IRS Tips on Gift Giving

Christmas is the season for giving and Americans are not going to be left out. While you may wish to give to your favorite charity this Christmas, the IRS has issued some useful guidelines to help you claim tax deductions on the amount you give.

Firstly, you need to give only to charities that are qualified for tax exemption. Tax-exempt charities are listed in the IRS website at www.irs.gov. Search for the name of your charity using the Exempt Organizations Select Check tool when visiting the website. You should give to your charity by December 31 for it to be included in your 2012 tax return. This applies to a credit card charge as well. However, you do not have to pay for the charge by December 31; you can pay for it in 2013.

Secondly, know what is considered a charitable gift. If you give a gift to a person, it is not considered a charitable gift no matter how needy or worthy that person may be. But gifts in the form of cash or property to qualified charitable organizations are considered charitable gifts. The amount deductible would be how much cash you contributed or the fair market value of donated property. However the rules are different for some donations, including clothing, household items, cars and boats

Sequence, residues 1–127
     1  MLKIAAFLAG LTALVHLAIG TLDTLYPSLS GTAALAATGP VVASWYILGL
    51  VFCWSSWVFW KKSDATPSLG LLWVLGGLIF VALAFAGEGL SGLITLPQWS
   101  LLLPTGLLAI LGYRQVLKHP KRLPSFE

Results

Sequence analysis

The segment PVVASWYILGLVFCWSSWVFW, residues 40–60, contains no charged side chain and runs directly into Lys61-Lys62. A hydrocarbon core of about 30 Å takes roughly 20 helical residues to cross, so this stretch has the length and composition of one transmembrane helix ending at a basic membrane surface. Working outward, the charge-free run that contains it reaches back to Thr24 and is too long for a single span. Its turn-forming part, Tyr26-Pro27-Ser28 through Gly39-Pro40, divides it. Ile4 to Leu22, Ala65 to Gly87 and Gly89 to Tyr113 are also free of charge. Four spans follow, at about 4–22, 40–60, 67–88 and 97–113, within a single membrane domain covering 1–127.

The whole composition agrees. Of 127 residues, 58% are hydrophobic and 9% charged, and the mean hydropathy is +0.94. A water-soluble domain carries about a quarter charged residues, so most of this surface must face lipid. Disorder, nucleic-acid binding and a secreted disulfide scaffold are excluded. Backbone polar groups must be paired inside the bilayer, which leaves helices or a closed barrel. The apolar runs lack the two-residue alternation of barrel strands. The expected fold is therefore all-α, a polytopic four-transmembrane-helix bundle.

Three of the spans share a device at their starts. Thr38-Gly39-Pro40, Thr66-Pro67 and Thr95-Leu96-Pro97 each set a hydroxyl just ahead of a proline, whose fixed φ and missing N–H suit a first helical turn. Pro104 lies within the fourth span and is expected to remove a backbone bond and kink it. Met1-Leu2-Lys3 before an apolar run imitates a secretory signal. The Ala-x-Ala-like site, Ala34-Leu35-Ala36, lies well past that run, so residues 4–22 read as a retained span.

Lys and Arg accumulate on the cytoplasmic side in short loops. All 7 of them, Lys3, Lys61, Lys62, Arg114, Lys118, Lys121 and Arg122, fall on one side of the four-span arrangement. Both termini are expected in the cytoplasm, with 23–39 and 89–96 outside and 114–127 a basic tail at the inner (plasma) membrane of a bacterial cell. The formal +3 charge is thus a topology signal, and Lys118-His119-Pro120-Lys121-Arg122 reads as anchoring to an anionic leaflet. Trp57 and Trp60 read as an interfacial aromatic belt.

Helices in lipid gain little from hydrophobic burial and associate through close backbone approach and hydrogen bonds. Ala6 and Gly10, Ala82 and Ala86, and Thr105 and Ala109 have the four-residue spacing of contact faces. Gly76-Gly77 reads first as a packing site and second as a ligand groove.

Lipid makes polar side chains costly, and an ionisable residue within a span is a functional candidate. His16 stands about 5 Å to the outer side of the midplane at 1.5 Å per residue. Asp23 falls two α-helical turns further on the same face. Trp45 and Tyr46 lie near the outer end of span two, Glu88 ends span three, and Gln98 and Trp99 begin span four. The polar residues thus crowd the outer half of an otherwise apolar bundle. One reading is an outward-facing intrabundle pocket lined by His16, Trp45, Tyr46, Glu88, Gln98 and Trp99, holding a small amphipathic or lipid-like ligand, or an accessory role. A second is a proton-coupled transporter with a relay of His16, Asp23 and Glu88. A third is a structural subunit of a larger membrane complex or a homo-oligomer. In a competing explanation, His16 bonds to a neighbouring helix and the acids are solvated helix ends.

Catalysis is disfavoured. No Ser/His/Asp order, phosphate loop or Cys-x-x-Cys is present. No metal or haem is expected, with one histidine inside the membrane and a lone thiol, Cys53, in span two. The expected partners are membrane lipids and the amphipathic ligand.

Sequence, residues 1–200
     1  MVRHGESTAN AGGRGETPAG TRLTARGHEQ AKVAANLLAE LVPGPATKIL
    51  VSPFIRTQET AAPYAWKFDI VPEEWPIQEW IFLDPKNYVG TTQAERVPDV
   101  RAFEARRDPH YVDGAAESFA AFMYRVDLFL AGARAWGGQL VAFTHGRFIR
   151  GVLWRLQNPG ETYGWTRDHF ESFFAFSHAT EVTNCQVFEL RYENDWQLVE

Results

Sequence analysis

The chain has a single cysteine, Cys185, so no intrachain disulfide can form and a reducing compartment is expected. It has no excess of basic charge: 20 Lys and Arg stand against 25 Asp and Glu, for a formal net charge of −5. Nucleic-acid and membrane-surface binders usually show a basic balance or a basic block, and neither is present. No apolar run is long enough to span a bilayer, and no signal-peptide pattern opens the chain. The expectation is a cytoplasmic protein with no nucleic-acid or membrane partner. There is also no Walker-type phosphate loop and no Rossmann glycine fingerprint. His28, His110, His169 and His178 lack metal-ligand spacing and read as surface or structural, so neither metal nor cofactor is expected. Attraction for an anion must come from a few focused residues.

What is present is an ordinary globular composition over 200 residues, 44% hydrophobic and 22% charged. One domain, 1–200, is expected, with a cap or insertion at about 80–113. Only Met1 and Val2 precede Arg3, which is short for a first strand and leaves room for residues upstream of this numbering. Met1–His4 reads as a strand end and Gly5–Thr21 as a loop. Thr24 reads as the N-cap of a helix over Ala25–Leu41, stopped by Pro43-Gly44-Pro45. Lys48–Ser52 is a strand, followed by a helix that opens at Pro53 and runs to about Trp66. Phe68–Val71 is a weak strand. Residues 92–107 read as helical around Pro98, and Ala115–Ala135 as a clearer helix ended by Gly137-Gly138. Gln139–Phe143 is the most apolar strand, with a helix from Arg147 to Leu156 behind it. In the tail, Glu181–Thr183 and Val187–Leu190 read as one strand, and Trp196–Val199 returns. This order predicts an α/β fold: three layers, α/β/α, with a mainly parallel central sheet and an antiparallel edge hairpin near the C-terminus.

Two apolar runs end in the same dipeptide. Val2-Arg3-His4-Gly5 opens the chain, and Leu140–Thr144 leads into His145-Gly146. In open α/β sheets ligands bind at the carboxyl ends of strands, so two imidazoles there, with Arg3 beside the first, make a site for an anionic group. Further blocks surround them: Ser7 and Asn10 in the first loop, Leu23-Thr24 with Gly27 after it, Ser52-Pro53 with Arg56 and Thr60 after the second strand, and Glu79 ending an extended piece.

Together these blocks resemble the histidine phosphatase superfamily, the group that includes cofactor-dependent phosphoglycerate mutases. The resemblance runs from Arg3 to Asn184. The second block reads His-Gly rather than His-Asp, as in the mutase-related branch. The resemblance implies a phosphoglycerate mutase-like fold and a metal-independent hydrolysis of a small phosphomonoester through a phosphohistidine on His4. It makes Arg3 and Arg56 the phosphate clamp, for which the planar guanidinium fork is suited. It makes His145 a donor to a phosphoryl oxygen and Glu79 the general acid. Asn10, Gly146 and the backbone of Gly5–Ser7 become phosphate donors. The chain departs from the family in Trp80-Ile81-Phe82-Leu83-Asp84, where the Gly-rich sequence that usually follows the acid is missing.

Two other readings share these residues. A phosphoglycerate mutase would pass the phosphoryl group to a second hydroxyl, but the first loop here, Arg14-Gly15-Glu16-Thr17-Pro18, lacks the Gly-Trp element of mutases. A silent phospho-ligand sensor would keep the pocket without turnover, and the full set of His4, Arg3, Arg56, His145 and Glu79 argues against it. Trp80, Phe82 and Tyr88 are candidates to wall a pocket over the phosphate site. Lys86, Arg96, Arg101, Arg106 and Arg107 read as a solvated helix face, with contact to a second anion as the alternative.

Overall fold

Thirdly, it is important that you keep accurate records of you gift. Acceptable records include bank or credit card statements, cancelled checks, salary deduction records or an official receipt from the charity containing your name, the amount you gave and the date. You should also ask for a written confirmation from the charity that shows the charity’s name, contribution date and amount. Make sure you keep these documents well so that you can submit them with your tax returns.

Fourthly, you should refrain from making purchases with your anticipated tax refunds. Although most people receive their refunds within 21 days of their tax submissions, there are no guarantees. If for some reason you tax refund is delayed you may run into financial problems if you make major purchases with your refund money. So it is advisable that you don’t plan big purchases now solely because of your expected refund.

Finally, you should start gathering the documents you’ll need to file your taxes in 2013. These would include receipts, canceled checks and other documents that substantiate the income or deductions you’ll claim next year.

More information about this can be read at IRS Publication 536.

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